Discriminatory Treatment in the Workplace Related to Bankruptcy
Section 525 of the U.S. Bankruptcy Code prohibits employers from firing or otherwise discriminating against a person who “is or has been a debtor” in bankruptcy. This anti-discrimination provision of the Code is intended to further the goal of allowing debtors who have formally filed for bankruptcy to make a “fresh start.”
Scope of Protection
The prohibition against employment discrimination based on bankruptcy applies to both government employers and private employers, and is meant to protect the following categories of people:
- An individual who is or has been a debtor
- An individual who has been insolvent prior to the commencement of a bankruptcy case, or during a case before grant or denial of a discharge
- An individual who has not paid a debt that is dischargeable in a bankruptcy case, or that has been discharged under the Bankruptcy Act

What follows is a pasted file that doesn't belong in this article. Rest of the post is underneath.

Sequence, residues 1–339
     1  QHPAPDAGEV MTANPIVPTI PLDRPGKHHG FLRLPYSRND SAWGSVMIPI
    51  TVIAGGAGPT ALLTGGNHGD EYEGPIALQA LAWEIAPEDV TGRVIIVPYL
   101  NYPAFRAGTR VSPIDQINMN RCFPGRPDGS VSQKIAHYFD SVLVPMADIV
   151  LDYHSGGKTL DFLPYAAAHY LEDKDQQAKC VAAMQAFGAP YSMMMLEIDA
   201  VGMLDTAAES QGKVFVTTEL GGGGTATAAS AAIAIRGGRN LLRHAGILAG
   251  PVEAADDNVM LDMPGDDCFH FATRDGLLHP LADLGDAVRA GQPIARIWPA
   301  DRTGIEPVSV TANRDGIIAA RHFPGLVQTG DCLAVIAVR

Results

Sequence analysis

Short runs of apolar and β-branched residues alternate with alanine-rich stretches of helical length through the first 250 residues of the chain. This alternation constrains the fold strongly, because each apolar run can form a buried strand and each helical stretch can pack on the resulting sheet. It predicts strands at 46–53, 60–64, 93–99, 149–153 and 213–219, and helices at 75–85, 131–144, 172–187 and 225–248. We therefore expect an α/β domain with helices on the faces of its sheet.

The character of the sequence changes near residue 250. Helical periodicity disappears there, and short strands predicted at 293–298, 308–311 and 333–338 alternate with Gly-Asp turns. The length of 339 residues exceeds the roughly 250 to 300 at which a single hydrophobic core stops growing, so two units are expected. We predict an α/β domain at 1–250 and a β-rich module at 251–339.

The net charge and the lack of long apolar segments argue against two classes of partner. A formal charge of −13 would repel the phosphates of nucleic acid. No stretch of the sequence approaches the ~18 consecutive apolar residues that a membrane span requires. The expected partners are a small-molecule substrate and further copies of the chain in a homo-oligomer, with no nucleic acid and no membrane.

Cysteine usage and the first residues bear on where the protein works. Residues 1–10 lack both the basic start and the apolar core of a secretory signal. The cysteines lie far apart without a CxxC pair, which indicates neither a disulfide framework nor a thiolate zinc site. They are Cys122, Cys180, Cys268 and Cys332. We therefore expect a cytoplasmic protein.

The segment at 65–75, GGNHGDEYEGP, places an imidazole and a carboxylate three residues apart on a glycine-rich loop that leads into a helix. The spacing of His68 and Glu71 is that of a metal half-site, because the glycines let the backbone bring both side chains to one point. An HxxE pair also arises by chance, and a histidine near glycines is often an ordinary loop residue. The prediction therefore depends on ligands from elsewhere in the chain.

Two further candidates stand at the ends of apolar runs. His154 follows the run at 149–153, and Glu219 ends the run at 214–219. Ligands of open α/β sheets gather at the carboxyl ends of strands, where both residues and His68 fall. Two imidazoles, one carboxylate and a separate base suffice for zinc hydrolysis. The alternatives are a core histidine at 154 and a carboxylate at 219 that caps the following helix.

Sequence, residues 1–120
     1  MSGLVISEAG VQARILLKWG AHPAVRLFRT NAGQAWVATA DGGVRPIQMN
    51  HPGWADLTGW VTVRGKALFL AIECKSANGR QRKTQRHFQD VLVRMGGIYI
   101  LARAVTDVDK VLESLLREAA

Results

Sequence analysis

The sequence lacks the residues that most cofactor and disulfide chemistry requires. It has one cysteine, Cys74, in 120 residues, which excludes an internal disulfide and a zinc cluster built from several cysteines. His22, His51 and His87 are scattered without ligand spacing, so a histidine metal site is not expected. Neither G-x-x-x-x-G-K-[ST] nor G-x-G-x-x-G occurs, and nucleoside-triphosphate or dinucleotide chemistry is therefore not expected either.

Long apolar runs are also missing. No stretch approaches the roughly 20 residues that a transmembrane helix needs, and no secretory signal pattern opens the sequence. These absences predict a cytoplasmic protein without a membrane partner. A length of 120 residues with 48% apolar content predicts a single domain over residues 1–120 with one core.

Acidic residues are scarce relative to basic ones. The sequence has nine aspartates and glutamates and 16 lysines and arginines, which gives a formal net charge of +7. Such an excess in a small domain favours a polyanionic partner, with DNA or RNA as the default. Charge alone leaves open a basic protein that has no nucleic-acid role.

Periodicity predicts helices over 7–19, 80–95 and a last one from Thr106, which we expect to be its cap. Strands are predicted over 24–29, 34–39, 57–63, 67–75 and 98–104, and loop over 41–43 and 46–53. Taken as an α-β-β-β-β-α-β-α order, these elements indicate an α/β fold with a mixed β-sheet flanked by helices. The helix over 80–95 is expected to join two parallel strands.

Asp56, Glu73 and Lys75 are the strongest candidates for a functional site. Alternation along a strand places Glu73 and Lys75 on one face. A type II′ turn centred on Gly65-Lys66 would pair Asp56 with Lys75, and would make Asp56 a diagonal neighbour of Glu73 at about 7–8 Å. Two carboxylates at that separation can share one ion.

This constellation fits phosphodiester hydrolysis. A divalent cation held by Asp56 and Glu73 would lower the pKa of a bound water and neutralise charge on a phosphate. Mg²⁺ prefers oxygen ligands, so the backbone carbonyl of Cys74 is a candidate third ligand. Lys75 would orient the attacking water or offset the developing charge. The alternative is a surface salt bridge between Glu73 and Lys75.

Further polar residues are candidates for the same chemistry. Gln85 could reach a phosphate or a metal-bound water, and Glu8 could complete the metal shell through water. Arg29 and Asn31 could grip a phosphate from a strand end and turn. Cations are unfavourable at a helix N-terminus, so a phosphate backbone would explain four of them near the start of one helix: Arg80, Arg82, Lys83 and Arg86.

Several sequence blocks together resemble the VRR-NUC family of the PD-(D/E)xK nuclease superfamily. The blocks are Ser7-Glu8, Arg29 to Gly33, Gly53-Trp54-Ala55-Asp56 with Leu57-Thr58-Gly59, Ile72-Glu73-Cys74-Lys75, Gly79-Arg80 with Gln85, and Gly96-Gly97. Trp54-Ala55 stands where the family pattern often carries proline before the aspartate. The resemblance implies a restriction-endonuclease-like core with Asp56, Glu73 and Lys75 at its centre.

Intent to File Does Not Warrant Debtor Protection
The U.S. Court of Appeals for the Ninth Circuit has set forth a bright line rule for determining exactly which employees are protected by Section 525. Specifically, the court held that an employer who fires a debtor employee after learning of the debtor employee’s intent to file bankruptcy does not violate the Code. Rather, protection only extends to employees who have already filed for bankruptcy.
In the aforementioned case, the debtor was hospitalized and incurred substantial medical expenses at a hospital where he was also employed. The debtor was ultimately unable to pay off his debt and informed the hospital that he was planning to file for bankruptcy. Subsequently, the hospital fired the debtor. The court ruled that the debtor did not have a valid action against the hospital for unlawful termination under Section 525, because the Code’s protection extends only to an individual who “is or has been a debtor.” In this case, however, the hospital fired the debtor before the debtor filed for bankruptcy. As such, Section 525 did not apply.
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